Gallup CliftonStrengths® is an assessment of personality, rooted in the theory of positive psychology. Research indicates that people who know and use their strengths every day are more likely to experience positive emotions (energy, happiness, respect) and less likely to experience negative emotions (stress, worry, anger, sadness). The assessment identifies an individual’s top five “Signature Themes” from a list of 34 common talents. Individuals can then develop those talents into strengths, and apply those strengths in all areas of their life.
Overview of the Relator Strength
If you have the Relator® strength according to the CliftonStrengths® assessment, then you’re far more interested in developing deep meaningful relationships than making a sale or earning a commission. You find joy in doing things that strengthen your relationships with others. While you are no wallflower, you tend to be drawn to people you already know in hopes of deepening these bonds rather than seeking out new ones.
That doesn’t mean you’re opposed to forging new friendships. In fact, you may always be on the lookout for a new bestie to bring into your core group of friends and relationships. But there must be a connection in order to share the kind of intimacy you prefer with your core group of friends.
It’s not just about what you get from your friends either. You understand how they feel, what their goals are, and even their hopes and dreams for the future. You want them to understand yours as well. And the only relationships worth having, as far as you are concerned, are genuine relationships.
Action Items for the Relator Strength
Because you are driven to develop strong bonds and deep relationships with the people around you day after day, there are some workplaces that are better suited for your needs than others. Look for the following as you choose the place where you will work and forge new relationships in time:
Work for companies that encourage friendships between employees. An overly formal setting will leave you feeling stifled and unsatisfied.
Learn about the people you work with. Ask questions. Volunteer information about yourself. Get to know them.
Focus on the character of people you work with rather than job titles and let it be known where your priorities lie.
Stay in contact with friends and family outside of work no matter how busy life becomes. They are the real fuel for your fire.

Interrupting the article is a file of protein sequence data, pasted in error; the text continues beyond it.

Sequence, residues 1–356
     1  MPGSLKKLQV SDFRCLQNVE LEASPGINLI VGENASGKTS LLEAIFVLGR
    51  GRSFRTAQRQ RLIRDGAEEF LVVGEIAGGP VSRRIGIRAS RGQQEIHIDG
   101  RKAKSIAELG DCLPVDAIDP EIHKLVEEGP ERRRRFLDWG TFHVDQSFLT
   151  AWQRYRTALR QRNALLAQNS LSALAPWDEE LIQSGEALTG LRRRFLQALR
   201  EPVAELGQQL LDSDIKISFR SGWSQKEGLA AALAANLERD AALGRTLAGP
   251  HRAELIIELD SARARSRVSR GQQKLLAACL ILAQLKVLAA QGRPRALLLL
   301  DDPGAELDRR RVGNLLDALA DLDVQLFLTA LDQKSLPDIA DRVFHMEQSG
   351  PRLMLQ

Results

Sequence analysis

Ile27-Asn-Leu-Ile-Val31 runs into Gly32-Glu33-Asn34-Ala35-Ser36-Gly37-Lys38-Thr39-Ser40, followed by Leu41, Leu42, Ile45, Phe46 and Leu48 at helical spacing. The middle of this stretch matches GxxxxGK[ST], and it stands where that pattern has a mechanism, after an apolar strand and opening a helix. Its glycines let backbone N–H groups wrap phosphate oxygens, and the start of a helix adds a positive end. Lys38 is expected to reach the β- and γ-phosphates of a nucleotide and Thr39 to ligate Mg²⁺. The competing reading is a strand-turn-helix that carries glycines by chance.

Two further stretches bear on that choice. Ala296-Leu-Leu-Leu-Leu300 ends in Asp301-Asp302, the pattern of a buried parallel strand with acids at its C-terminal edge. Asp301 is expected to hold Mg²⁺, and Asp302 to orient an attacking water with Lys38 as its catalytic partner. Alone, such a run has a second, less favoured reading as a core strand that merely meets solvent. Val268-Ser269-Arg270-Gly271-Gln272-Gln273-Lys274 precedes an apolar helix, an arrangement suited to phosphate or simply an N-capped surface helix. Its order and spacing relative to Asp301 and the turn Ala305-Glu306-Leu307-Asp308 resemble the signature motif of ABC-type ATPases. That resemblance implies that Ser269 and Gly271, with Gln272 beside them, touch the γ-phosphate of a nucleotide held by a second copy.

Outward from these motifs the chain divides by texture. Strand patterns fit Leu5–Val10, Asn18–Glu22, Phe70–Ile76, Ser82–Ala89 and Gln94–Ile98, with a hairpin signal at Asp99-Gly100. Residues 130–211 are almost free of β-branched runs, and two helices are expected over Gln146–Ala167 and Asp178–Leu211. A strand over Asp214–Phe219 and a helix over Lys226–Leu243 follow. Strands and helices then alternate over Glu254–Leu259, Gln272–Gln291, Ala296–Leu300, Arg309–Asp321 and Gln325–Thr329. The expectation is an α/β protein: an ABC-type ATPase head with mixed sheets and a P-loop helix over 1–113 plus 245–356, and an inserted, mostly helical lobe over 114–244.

Be honest with your friends and forgive them when they need you to. Real friends are treasures. Hang on to them.
Ideal careers for people with the Relator strength include: coaching, teaching, managing, supervising, caregiving.
These careers allow you to develop deep bonds with coworkers, clients, etc. and offer you the opportunity to meet new people to bring into your close circle of friends and family as you choose to do so.
How to Manage Someone with the Relator Strength
One of the important things to remember when working with someone who has the Relator strength is to be genuine. It is something they value and expect from others. Also, let them know where they stand with you. It’s important to them. Other tips to consider for managing someone with this particular talent include:
Acknowledge and recognize the generosity that people with the Relator strength display. Drawing their attention to their own generosity and how important it is for building stronger connections helps them refine their impact on people and strengthens their relationships with you.
Help them understand their colleagues’ goals. They can often bond much better when the goals are known and work together to help accomplish them.
Try to keep them in roles where there is little turnover. They prefer to build long-term relationships and function better when they’re able to do this.
Invite them to build strong relationships with people in your organization you’re hoping to engage and keep around. Strong connections and human ties improve happiness and loyalty to your organization.
Gallup®, Clifton StrengthsFinder®, StrengthsFinder®, CliftonStrengths®and each of the 34 CliftonStrengths theme names are trademarks of Gallup, Inc. For more information, or to take the CliftonStrengths assessment, visit www.gallupstrengthscenter.com.